In two separate cases, the Court of Civil Appeals dismissed Rule 54(b) appeals from partial summary judgments. Certification under Rule 54(b) was improper in both cases because the appealed claims were too closely “intertwined” with claims that remained pending. Holman v. Sims, No. 2080809 (Ala. Civ. App. Jul. 16, 2010); Marshall Auto Painting & Collision, Inc. v. Peach Auto Painting & Collision, Inc., No. 2090090 (Ala. Civ. App. Jul. 16, 2010).
Holman involves contract and tort (mainly fraud) claims related to a real-estate purchase loan. The lenders claimed that the borrowers had failed to repay the loan or deed the lenders the property as agreed. The trial court granted the lenders summary judgment on their contract claim. This judgment did not, “even impliedly,” address the tort claims. Loosely using the language of Rule 54(b), the trial court found “no reason for delay” and declared its partial judgment “final.” The borrowers appealed.
The Court of Civil Appeals found the Rule 54(b) certification improper. It explained that
a Rule 54(b) certification should not be entered if the issues in the claim being certified and a claim that will remain pending in the trial court “are so closely intertwined that separate adjudication would pose an unreasonable risk of inconsistent results.”
(Quoting cases) (emphasis added). The appellate court found just such intertwining in the case before it:
Because the resolution of each of the [tort] claims remaining before the trial court depend[s], in part, on whether the [borrowers] failed to keep their promise to repay the loan or to deed the Alabama property to the [lenders], we conclude that those claims are so closely intertwined with the breach-of-contract claim that the trial court’s attempt to certify the summary judgment as final was invalid.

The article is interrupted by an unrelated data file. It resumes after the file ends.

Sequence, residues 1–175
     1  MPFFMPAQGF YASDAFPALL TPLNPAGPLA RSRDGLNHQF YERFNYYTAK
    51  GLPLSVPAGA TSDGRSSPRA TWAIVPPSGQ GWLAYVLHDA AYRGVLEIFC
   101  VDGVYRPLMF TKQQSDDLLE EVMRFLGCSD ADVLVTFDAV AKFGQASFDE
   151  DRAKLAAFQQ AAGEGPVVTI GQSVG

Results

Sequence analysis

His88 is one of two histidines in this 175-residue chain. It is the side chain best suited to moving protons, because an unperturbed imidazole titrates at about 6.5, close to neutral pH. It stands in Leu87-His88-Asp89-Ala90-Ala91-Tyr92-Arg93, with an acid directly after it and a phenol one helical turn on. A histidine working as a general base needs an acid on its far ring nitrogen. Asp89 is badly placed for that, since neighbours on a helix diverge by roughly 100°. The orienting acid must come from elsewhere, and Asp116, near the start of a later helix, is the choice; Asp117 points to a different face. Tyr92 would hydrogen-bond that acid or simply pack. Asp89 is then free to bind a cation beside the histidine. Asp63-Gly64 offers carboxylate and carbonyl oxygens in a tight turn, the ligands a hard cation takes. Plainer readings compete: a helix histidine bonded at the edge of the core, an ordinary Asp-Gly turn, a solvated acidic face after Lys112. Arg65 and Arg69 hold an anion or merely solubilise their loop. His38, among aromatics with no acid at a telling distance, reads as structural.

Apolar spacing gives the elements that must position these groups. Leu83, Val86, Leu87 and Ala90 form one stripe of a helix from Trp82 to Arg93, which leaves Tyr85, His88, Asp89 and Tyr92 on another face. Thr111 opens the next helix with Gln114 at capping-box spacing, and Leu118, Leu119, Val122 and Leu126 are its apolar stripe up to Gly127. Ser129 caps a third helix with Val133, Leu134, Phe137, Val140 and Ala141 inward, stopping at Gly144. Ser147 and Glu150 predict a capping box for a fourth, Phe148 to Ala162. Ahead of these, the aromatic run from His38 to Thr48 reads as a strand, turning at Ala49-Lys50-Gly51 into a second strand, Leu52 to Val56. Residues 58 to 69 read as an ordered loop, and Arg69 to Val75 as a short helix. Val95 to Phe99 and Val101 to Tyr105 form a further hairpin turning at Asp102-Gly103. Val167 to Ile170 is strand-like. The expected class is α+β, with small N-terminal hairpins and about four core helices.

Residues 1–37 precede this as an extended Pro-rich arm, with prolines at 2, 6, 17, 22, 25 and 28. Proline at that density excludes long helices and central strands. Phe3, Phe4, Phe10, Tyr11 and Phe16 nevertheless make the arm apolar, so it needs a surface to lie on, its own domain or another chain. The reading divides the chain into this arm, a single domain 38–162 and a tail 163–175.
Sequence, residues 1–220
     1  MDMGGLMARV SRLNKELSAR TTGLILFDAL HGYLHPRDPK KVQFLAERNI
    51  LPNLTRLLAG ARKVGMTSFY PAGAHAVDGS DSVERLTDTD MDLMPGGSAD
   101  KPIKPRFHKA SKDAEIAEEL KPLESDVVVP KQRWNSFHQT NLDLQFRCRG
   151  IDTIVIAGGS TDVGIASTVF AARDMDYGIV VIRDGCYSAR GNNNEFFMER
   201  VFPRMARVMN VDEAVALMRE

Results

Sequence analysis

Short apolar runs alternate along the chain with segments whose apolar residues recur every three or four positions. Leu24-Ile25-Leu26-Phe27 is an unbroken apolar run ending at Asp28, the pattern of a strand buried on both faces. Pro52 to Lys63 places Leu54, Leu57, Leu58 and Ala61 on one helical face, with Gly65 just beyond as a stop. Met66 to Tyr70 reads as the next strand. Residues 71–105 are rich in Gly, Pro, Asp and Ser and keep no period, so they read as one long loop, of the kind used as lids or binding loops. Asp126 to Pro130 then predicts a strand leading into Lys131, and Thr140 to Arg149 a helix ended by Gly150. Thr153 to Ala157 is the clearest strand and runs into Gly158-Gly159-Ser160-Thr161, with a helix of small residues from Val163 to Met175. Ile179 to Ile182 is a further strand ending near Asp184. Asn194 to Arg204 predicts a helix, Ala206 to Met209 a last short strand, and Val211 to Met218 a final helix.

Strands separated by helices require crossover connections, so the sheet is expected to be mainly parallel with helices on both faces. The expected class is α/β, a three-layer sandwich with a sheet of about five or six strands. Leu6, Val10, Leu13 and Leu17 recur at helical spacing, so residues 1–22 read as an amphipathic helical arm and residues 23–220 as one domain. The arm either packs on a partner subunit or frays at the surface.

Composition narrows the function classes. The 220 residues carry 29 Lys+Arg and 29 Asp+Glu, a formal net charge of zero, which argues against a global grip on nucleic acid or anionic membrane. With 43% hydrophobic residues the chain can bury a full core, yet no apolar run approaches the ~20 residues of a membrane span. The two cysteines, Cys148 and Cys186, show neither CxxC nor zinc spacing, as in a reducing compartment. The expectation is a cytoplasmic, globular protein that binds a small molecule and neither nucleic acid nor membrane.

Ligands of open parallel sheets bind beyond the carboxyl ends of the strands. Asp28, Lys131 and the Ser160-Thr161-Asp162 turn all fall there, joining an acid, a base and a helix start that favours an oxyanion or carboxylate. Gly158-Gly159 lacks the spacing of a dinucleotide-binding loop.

Because the judgment appealed from was not final, the appellate court had “no jurisdiction” and had to dismiss the appeal.
The Court of Civil Appeals reached much the same decision in Marshall Auto, though it made a point here of emphasizing the “exceptional” nature of Rule 54(b) certification.
Marshall Auto was born of a vibrant dispute between local business competitors. The resulting lawsuit included claims and counterclaims for tortious interference, assault and battery, and malicious prosecution, to name only a few. The trial court granted a summary judgment dismissing all claims asserted against some of the parties, and certified this judgment as final under Rule 54(b). The aggrieved party appealed.
The appellate court ruled that the trial court had “exceeded its discretion” by entering a Rule 54(b) certification. Noting that Rule 54(b) certifications are viewed with “some disfavor,” the court explained:
If a trial court exceeds its discretion in certifying an order as a final judgment pursuant to Rule 54(b), the order is not a final, appealable judgment. . . .
[C]ertifications under Rule 54(b) should be entered only in exceptional cases and should not be entered routinely. Appellate review in a piecemeal fashion is not favored.
(Quotations and citations omitted) (emphasis removed). The court then repeated the “intertwining” restriction that it had discussed in Holman, supra. It again found that the adjudicated claims (those that had been appealed under Rule 54(b)) were too enmeshed with claims that remained pending to justify the partial appeal. Of equal interest, the court continued:
Moreover, although some of the claims adjudicated by the trial court do not have issues intertwined with those that remain pending, “this case does not represent the kind of ‘exceptional case’ that warrants immediate appellate review under Rule 54(b).” Therefore, the trial court exceeded its discretion in certifying its . . . order as a final judgment pursuant to Rule 54(b).
(Quoting North Alabama Elec. Coop. v. New HopeCoop., 7 So. 3d 342, 345 (Ala. 2008)) (citations omitted). Because a “nonfinal judgment will not support an appeal,” the court dismissed the appeal.